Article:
American artist Michael Velliquette has produced his latest series of paper-based artwork, creating intricate paper models of sacred architecture. His hand-cut paper shapes are assembled into complex forms “akin to sacred architecture and three-dimensional mandalas.”
Prioritizing formal symmetry, balance, and order, the models aim to evoke “a sense of visual equanimity” through a restrained palette of neutral or monochromatic tones.
Some of the greatest architectural works throughout history have been the result of religion, driven by the need to construct spaces where humanity could be one step closer to a higher power. With more people choosing a secular lifestyle than ever before, are the effects that these buildings convey—timelessness, awe, silence and devotion, what Louis Kahn called the “immeasurable” and Le Corbusier called the “ineffable”—no longer relevant?
With the Vatican’s proposal for the 2018 Venice Biennale, described as “a sort of pilgrimage that is not only religious but also secular,” it is clear that the role of "religious" spaces is changing from the iconography of organized religion to ambiguous spaces that reflect the idea of "spirituality" as a whole.
So what does this mean? Is there still a key role for spirituality in architecture? Is it possible to create spaces for those of different faiths and those without faith at all? And what makes a space "spiritual" in the first place?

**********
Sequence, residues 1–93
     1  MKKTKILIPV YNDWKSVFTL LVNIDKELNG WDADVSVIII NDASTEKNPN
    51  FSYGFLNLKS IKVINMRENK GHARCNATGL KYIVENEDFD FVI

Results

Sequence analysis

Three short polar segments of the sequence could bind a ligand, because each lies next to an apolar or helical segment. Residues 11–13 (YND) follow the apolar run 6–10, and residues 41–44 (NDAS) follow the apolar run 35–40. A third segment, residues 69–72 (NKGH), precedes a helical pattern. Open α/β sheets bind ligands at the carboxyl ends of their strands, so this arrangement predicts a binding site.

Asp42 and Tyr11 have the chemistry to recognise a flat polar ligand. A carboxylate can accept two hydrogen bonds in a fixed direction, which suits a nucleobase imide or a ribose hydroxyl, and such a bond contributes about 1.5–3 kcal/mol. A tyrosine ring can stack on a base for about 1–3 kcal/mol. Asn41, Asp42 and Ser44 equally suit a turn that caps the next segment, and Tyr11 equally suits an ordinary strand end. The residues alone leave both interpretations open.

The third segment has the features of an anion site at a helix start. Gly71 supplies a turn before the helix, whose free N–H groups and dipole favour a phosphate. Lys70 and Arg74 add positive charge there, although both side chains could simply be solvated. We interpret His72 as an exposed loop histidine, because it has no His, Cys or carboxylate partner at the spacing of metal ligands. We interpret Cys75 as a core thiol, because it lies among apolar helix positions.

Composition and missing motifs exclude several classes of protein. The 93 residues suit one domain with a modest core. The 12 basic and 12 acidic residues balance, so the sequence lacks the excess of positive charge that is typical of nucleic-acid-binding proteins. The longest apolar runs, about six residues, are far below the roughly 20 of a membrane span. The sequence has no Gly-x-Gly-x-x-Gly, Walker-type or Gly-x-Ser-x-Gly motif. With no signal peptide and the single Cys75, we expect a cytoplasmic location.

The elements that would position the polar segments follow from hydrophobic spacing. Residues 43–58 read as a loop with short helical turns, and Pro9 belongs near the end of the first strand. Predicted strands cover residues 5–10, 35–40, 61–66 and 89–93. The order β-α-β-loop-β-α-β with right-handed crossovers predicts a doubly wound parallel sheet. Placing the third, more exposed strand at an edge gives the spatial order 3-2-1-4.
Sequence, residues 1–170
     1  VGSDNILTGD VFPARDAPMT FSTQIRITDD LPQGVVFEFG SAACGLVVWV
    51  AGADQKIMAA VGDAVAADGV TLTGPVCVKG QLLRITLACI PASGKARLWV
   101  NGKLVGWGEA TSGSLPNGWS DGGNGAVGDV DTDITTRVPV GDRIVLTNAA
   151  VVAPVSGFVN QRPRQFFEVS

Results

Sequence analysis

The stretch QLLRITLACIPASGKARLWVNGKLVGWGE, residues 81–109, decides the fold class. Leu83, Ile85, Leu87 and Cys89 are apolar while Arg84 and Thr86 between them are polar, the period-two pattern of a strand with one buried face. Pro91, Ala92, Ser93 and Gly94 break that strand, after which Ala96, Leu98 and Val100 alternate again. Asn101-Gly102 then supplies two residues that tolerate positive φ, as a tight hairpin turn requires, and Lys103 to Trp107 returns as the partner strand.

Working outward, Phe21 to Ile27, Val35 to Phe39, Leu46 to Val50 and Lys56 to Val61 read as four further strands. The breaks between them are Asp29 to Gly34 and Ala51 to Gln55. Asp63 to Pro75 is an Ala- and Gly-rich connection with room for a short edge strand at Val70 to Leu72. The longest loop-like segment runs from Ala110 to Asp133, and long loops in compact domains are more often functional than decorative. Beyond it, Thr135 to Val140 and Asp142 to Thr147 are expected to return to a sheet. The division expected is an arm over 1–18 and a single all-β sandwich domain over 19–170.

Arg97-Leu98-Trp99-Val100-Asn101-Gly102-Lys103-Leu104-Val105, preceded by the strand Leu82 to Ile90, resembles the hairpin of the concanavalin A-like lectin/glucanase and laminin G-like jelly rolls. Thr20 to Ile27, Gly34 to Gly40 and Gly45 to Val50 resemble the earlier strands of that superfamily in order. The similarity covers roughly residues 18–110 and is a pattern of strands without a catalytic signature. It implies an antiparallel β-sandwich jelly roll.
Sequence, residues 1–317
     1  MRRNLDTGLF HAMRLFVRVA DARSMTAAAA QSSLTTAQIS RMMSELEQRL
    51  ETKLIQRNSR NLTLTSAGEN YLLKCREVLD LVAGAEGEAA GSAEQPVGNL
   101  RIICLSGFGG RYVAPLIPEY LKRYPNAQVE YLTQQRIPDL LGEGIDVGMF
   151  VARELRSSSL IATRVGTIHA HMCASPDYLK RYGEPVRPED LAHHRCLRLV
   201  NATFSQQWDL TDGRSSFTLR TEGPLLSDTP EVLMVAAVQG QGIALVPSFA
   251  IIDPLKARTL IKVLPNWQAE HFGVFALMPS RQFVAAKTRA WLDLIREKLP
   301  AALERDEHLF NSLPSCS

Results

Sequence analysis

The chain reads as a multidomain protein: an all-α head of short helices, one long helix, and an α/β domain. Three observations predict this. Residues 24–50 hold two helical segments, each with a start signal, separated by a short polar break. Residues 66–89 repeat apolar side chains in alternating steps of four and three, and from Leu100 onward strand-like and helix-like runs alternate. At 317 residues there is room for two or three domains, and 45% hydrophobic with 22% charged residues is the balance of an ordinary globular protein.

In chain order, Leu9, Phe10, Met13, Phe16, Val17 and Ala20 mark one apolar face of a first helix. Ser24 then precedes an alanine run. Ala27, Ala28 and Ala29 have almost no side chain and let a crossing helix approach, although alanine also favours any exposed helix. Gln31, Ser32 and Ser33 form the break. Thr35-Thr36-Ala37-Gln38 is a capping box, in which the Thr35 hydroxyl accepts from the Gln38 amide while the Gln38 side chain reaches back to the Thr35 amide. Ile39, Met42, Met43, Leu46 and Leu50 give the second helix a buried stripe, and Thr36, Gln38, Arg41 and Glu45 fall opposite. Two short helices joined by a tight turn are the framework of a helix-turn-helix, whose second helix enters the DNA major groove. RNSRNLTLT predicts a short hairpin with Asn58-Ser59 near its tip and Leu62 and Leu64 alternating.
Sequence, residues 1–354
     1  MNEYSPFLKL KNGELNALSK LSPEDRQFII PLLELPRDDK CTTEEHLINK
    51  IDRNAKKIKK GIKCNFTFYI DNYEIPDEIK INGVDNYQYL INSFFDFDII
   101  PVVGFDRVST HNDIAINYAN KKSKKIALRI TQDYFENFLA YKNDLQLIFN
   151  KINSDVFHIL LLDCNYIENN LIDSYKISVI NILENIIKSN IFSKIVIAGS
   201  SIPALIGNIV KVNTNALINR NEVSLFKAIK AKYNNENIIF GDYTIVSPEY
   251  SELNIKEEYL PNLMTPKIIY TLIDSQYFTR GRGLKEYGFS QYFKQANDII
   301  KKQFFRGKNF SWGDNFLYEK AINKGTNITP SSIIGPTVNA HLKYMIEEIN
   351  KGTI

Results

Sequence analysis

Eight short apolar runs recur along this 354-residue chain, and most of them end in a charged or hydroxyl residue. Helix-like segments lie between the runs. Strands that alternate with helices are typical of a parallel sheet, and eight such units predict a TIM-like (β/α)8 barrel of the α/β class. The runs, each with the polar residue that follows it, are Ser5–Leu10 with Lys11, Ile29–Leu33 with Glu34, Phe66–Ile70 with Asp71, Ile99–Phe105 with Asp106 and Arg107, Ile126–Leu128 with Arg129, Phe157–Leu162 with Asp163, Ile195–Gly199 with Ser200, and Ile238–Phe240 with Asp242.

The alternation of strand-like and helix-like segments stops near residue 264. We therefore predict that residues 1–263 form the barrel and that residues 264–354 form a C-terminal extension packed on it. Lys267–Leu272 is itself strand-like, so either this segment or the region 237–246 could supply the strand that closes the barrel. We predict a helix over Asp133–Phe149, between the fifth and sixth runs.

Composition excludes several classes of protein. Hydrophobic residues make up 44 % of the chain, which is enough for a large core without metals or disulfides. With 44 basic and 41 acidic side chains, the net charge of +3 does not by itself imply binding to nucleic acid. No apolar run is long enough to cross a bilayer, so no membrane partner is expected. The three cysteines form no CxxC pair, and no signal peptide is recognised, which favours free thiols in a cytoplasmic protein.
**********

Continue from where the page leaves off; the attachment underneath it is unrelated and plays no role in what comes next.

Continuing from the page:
Berlin is city in which the past and the present often collide – a phenomenon particularly acute when it comes to the built environment. In this project by Japanese architect and artist Riku Ikegaya, the interior of St. Elisabeth-Kirche (Church of St. Elizabeth)—designed by Karl Friedrich Schinkel—is transformed by means of a structural installation. Consisting of a scale model of Schinkel’s plans for the Rosentaler Vorstadt Church, the artist has composed a "three-dimensional architectural sketch."
https://www.archdaily.com/876738/riku-ikegaya-constructs-a-series-of-nested-spaces-in-a-berlin-church-designed-by-karl-friedrich-schinkelAD Editorial Team
The Parthenon, perhaps the most celebrated example of Classical Greek architecture, was only the first of a series of remarkable buildings to be constructed atop the Athenian Acropolis in the wake of the Persian Wars. Led by the renowned statesman Pericles, the city-state embarked on an ambitious rebuilding program which replaced all that had been razed by the Persians. The new complex, while dedicated to the gods and the legends that surrounded the Acropolis, were as much a declaration of Athens’ glory as they were places of worship – monuments to a people who had risen from the ashes of a war to become the most powerful and prosperous state in the ancient world.